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A Turkish-Armenian member of parliament was temporarily banned from Turkey's National Assembly after he used the term genocide to describe the deaths of Armenians at the hands of the Ottoman Empire a century ago, officials said on Saturday.
Garo Paylan, a lawmaker belonging to the pro-minority Peoples' Democratic Party (HDP), said during a constitutional reform debate that Armenians had at one time made up 40 per cent of the Turkish population and now only constituted 0.1 per cent, Efe news reported.
"Obviously, something has happened to us, and I call it a genocide," Paylan said.
"The Armenian people know very well what happened to them.
I know very well what happened to my grandparents," he added.
The ruling Justice and Development Party (AKP) called for Paylan's expulsion from the assembly, claiming he had "insulted the Turkish nation".
In the end, Paylan has been banned for three full sessions before he was allowed to return to his parliamentary seat.
According to Armenian activists and an overwhelming majority of international historians, between one and 1.5 million Armenians were systematically murdered during World War I by Ottoman troops and Kurdish irregulars.
Turkey, the Ottoman Empire's legal successor state, denies "genocide" is an accurate term for the massacres.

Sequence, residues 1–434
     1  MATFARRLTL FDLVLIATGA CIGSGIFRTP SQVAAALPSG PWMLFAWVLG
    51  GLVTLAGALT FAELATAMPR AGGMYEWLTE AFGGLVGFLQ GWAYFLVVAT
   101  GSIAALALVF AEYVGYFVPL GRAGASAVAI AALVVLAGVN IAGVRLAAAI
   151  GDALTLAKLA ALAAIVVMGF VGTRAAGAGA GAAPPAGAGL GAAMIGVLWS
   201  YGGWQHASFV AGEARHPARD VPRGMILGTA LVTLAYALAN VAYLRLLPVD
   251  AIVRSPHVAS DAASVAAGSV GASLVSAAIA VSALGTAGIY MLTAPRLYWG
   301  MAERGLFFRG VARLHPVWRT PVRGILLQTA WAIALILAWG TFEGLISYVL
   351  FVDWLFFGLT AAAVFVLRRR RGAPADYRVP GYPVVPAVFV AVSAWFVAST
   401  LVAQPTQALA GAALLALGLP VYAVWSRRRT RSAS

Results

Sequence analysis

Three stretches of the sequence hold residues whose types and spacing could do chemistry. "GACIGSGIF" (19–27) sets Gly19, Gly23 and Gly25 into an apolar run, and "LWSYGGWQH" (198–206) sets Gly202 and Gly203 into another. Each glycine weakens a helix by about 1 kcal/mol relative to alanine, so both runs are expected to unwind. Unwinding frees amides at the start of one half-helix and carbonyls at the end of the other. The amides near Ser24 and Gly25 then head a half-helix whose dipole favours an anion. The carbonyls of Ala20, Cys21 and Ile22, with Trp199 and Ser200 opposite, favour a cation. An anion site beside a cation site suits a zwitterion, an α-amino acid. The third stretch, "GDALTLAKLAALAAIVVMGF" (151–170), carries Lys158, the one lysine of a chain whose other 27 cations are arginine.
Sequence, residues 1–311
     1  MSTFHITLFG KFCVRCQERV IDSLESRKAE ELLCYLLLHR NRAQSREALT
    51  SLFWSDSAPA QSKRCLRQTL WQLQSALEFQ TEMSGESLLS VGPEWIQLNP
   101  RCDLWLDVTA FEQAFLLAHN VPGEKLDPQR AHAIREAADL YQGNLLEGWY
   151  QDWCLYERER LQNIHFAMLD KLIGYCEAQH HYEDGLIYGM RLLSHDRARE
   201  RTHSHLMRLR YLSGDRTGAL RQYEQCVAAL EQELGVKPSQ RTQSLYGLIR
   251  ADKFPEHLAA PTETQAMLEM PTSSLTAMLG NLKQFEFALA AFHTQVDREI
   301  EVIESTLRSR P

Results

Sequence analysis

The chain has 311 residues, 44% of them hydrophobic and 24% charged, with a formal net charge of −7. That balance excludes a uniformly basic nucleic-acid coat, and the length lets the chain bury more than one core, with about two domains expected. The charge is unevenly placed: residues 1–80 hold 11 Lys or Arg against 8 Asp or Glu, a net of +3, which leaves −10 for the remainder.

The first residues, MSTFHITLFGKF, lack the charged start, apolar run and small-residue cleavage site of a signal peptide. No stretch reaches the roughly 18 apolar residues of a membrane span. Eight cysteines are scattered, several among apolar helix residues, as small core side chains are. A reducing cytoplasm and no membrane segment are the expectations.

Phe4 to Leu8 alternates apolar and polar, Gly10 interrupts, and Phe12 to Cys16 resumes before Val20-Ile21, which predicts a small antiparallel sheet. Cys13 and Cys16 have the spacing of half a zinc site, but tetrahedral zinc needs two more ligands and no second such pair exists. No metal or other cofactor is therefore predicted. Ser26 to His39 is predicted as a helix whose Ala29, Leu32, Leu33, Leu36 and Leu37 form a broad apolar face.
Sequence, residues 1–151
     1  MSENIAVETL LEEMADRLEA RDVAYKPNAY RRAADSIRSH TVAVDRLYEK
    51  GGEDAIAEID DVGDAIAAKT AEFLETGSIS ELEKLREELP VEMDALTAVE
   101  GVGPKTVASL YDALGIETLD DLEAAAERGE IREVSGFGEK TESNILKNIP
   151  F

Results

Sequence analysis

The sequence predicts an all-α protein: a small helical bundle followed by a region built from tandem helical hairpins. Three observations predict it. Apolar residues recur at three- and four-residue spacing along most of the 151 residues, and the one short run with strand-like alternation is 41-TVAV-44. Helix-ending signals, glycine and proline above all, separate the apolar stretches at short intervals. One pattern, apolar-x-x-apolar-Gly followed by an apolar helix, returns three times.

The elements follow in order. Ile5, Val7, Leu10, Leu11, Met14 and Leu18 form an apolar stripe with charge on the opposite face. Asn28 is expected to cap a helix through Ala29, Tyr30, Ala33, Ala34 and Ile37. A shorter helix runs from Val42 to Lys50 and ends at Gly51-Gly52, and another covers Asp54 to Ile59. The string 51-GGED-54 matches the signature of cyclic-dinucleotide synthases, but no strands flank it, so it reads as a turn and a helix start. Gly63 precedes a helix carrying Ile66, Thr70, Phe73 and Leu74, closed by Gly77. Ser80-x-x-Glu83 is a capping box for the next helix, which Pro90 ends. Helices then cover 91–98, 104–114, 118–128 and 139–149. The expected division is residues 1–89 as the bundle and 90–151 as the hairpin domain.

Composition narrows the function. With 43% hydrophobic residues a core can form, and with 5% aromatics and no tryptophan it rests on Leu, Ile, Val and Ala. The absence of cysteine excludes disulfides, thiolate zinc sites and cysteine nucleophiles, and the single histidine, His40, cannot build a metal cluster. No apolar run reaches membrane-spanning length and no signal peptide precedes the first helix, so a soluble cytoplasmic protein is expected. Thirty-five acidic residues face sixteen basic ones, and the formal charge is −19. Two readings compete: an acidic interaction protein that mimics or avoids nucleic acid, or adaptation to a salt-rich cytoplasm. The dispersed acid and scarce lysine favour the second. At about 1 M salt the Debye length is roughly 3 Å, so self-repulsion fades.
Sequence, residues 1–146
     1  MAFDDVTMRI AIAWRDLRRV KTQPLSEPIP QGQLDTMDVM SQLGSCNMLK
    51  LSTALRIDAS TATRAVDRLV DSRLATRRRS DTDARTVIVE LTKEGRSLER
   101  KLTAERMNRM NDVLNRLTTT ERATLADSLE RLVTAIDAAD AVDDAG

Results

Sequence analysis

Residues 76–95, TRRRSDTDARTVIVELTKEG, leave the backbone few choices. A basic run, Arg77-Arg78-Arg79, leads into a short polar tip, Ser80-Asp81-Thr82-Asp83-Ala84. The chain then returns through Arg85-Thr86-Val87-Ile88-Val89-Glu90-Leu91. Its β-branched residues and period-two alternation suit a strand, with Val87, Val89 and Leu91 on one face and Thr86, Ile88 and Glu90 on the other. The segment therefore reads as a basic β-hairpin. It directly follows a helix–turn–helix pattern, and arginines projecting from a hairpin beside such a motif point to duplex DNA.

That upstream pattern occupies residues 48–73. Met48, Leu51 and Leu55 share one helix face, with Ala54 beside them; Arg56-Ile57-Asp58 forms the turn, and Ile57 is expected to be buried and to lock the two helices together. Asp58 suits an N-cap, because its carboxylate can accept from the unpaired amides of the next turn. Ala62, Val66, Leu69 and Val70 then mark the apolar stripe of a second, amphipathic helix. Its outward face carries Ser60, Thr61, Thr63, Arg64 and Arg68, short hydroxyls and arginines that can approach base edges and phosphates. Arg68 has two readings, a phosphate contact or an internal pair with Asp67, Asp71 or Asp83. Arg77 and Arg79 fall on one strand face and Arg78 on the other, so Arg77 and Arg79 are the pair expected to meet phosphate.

Revisionists allege that accusations of genocide are an Armenian conspiracy or a form of anti-Turkish propaganda, instead claiming that the killings have been exaggerated or were justified due to the historical context of the time.
Another argument used by negationists is that many Armenians allied themselves with Russia, with the ensuing clashes causing hundreds of thousands of deaths on both sides.
On the other hand, 29 countries have officially recognized the events as a planned genocide, and there is a general consensus among most historians that the mass killings constituted the first modern genocide.
The term was coined by Polish-Jewish lawyer Raphael Lemkin in 1943 in reference to the organised deportation and extermination of Armenians between 1915-1923.
(This story has not been edited by Business Standard staff and is auto-generated from a syndicated feed.)